By Kaitlin Drape
When the EU Parliamentary elections took place on May 23, they took place in a different environment than those of the previous elections. With the growth of populist rhetoric and far-right-wing parties across Europe, the election served as a sign of things to come. Right-wing parties in Germany, France, Italy, Austria, Finland, and Denmark are attempting to become a more influential force. EU countries will soon have to get to grips with the fact that far-right leaders will have more power in the EU Parliament. This electoral shift will influence long-standing policies and obstruct any centrist agenda.
A change throughout Europe
After 60 years of relative stability, the rise of Germany’s far-right Alternative for Germany (AfD) party threatens to upend the nation’s predictable politics. In a 2016 setback for Chancellor Angela Merkel, her Christian Democratic Union (CDU) party only garnered 19 percent in her home state, while the AfD received approximately 21 percent. This was later considered a protest vote in response to Merkel’s liberal migration policies and support for the EU’s bailout of Greece. A year later, the AfD won its first seats in the German federal parliament with 13 percent of the total vote and is now represented in all 16 state legislatures.
With the AfD’s anti-immigrant, nativist, and, some say, anti-constitutional stance, Germany’s Federal Office for the Protection of the Constitution (BfV), launched an investigation claiming
This change runs deeper than the recent challenges to Merkel’s immigration policies. Ironically, the reunification of Germany after the fall of the Berlin Wall has fueled right-wing sentiment. Some of the AfD’s most substantial support is in the area which used to be East Germany. It is a place where people feel left behind and believe the government, and the EU, to favor the “elites,” multi-national corporations, and the banks. NBC
Troubling election outcomes
Recently, there has been a significant
Though overall gains for far-right parties was less than hoped for, results for Matteo Salvini’s Italian Northern League Party still grew from six percent of the vote in 2014 to 34 percent in this election, and populist/nationalist parties are expected to hold 25 percent of the seats in parliament. But left-wing green parties, particularly in Germany, showed surprising strength by increasing their members by 40 percent. For the first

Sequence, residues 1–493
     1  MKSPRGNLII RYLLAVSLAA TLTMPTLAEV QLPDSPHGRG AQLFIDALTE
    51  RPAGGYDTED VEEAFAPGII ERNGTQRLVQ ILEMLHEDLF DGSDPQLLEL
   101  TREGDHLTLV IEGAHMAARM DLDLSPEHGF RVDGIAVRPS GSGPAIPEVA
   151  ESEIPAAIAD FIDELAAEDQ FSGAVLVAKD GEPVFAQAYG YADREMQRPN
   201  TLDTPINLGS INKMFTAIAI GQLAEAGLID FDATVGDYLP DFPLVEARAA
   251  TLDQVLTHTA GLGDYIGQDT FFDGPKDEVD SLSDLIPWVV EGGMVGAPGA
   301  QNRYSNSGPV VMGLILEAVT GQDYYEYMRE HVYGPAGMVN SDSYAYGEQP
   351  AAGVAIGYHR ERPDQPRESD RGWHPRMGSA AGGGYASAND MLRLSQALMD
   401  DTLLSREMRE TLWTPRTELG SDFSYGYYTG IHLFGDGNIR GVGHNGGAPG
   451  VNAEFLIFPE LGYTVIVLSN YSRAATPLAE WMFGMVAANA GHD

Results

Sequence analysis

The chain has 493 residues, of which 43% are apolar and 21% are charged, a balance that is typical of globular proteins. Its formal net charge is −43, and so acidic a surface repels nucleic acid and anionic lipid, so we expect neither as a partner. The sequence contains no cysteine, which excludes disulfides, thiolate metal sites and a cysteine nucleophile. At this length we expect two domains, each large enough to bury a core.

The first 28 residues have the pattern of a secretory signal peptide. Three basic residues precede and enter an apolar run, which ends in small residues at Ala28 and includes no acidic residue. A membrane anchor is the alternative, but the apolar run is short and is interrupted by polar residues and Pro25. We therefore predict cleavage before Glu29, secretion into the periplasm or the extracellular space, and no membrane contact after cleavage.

Salvini’s new alliance could create a power bloc and impact EU governance. Even as a minority, they could undermine centrist interests within the EU Parliament. The European Council on Foreign Affairs recently detailed the damage that such an alliance could do. If these parties united, they could, for example, block the election of an EU President or obstruct the passage of legislation. Though these parties disagree on issues, such as their basic positions on immigration and local governments could make them strong allies. The European Council on Foreign Affairs
There is skepticism surrounding the success of a populist alliance, as they often have different agendas. However, there are a growing number of Europeans who support right-wing parties and their anti-globalist message. At present, Europe is recovering from a decade of economic and political impermanence. And a not-so-unfamiliar political landscape is taking shape, upending the grand centrist coalition that has anchored Europe’s values of democracy and liberalism for decades.
Kaitlin Drape currently works as a fellow and associate producer at the Foreign Policy Association where she assists with their annual foreign policy series on PBS titled Great Decisions. Aside from helping to produce an episode on populism in Europe, she is also a volunteer with the YPFP membership team.
Photo courtesy of Wikipedia.